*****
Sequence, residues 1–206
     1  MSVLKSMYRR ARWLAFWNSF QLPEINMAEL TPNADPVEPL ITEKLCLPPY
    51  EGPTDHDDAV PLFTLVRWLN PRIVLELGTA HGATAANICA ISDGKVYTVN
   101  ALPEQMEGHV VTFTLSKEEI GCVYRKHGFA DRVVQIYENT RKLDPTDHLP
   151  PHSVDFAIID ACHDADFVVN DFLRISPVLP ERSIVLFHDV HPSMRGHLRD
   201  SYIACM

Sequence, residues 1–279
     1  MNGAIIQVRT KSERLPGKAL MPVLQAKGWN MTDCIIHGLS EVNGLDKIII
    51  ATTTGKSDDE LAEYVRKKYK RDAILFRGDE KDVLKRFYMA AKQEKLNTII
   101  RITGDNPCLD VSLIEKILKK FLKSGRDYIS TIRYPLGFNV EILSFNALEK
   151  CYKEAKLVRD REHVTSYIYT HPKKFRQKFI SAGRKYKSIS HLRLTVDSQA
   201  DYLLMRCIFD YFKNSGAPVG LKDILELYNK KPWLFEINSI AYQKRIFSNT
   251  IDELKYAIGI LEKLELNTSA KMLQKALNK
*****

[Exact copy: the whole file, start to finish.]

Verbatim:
Sequence, residues 1–206
     1  MSVLKSMYRR ARWLAFWNSF QLPEINMAEL TPNADPVEPL ITEKLCLPPY
    51  EGPTDHDDAV PLFTLVRWLN PRIVLELGTA HGATAANICA ISDGKVYTVN
   101  ALPEQMEGHV VTFTLSKEEI GCVYRKHGFA DRVVQIYENT RKLDPTDHLP
   151  PHSVDFAIID ACHDADFVVN DFLRISPVLP ERSIVLFHDV HPSMRGHLRD
   201  SYIACM

Sequence, residues 1–279
     1  MNGAIIQVRT KSERLPGKAL MPVLQAKGWN MTDCIIHGLS EVNGLDKIII
    51  ATTTGKSDDE LAEYVRKKYK RDAILFRGDE KDVLKRFYMA AKQEKLNTII
   101  RITGDNPCLD VSLIEKILKK FLKSGRDYIS TIRYPLGFNV EILSFNALEK
   151  CYKEAKLVRD REHVTSYIYT HPKKFRQKFI SAGRKYKSIS HLRLTVDSQA
   201  DYLLMRCIFD YFKNSGAPVG LKDILELYNK KPWLFEINSI AYQKRIFSNT
   251  IDELKYAIGI LEKLELNTSA KMLQKALNK